INÊS MOITA is a Portuguese who spend some time in our lovely city Eskisehir. She decided to share her experience so she wrote article for us. This article in entirely written by Ines and we are sharing with you here her point of view on Turkish customs, traditions and food:
Natural yogurt with meals. Tea with everything. Bread, also with everything. Street dogs (lots of them). Taking off your shoes before entering someone’s home (don’t forget). Breakfast should not be just milk and cereals; what a waste of an important meal. Ayran. Kebap (and not kebab!).
This is Turkey. It has been one month since I first arrived here, and even though those facts and traditional food already seem ordinary to me, it’s been a good learning process to incorporate them in my lifestyle.
As a Portuguese citizen, I had to learn and adapt to some small details about the Turkish daily life and decisions. When I arrived to the apartment, it was expected of me to take off my shoes before passing the door, which I wasn’t used to; in Portugal, and European countries in general – as far as I know – it is not a disrespectful thing. Actually, if someone would take off their shoes in someone else’s home, right away and without asking, it would be seen as quite strange and too comfortable – my grandmother would think something like: Where does she think she is at? Her home?!. Exactly; alert ⚠️ different culture! However, and one month after that, I see myself continuing this tradition when I go back home, because the house is much cleaner this way!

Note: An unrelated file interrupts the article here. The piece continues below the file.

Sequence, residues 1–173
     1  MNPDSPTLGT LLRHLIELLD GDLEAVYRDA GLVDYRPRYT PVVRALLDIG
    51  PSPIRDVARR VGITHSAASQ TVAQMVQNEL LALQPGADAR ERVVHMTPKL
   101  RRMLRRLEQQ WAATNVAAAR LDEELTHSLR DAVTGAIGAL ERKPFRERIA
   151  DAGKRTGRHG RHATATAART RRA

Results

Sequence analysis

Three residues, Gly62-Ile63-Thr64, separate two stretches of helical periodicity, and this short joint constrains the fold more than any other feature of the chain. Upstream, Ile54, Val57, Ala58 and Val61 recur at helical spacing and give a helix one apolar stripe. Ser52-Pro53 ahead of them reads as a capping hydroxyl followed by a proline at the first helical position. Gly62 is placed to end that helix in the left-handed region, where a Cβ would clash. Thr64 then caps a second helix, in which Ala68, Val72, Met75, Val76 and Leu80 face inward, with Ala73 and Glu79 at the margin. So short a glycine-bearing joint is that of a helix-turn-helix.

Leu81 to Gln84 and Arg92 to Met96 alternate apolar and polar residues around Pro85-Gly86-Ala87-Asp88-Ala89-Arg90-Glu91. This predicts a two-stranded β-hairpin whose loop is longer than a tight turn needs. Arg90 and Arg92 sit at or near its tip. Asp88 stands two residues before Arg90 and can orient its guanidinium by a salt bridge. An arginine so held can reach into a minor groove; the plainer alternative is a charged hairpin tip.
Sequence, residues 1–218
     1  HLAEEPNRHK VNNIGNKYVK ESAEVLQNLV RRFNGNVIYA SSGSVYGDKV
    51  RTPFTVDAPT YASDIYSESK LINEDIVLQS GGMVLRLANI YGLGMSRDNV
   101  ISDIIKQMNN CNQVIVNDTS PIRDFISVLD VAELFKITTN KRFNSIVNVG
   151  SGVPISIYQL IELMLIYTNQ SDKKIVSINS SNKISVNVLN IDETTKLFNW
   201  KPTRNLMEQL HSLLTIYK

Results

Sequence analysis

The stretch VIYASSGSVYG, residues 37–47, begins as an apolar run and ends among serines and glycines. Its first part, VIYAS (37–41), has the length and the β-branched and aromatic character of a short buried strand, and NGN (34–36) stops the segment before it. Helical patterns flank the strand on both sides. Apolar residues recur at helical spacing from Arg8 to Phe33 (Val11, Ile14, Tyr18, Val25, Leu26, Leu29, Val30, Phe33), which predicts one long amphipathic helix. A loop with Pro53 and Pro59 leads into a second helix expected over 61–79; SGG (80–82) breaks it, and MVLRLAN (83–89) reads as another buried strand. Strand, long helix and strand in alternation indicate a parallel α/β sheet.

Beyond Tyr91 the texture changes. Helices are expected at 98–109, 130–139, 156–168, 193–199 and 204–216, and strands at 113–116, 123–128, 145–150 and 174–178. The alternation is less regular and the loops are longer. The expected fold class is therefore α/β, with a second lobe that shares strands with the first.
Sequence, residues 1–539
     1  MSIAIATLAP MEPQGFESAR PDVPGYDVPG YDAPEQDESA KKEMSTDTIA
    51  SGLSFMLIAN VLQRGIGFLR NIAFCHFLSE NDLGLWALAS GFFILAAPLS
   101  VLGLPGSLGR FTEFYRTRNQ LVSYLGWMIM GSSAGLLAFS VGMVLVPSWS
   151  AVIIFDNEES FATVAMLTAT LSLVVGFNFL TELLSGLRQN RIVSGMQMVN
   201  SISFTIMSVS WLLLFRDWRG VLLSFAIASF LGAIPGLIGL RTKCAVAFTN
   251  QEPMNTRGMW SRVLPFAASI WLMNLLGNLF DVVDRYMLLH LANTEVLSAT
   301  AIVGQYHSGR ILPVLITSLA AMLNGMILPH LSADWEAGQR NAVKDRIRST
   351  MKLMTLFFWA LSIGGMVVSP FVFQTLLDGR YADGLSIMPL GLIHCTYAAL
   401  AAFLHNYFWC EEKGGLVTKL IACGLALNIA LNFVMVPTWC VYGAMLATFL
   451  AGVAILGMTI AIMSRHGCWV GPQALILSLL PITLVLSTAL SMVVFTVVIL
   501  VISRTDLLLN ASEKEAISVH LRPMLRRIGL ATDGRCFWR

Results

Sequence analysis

Another curiosity: while walking through the streets of Turkey, you will see a lot of cats and mostly street dogs, laying down. Don’t worry! The majority of them were controlled by the government and vaccinated. Fun fact: There is a documentary about this exact situation! Stray shows the relationship between the streets of Istanbul and its many stray dogs. It brings awareness to how the Turkish people see the dogs as their friends and fellow citizens. As a Portuguese person, who thought had seen many dogs in Lisbon, this was a surprise! Made me happy to see how the government made effort and cared about its street animals.
Source: The New York Times
Changing the topic for the food, Portuguese people are very used to their 3 daily meals: breakfast, lunch and dinner. We even have what we call “lanche”, which is the meal in the middle of the day – between lunch and dinner. The majority of us never skips any meal, and as we really like to eat, the bigger meals are privileged. We are also known for being late, and on weekends that can also translate to being lazy and waking up close to the lunch time, which means either one of these two options: 1) breakfast in a rush: do I have any cereals or will I just drink some coffee with bread or cookies?, 2) no breakfast, straight to lunch, or as we really like to do – go for a brunch /mix of breakfast and lunch, because of all the mix of food that it includes.